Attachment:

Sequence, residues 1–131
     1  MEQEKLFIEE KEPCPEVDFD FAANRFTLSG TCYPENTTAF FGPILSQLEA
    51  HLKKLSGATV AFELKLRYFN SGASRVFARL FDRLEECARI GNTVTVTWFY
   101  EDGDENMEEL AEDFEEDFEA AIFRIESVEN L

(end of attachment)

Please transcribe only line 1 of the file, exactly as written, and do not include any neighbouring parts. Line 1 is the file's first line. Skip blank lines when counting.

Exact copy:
Sequence, residues 1–131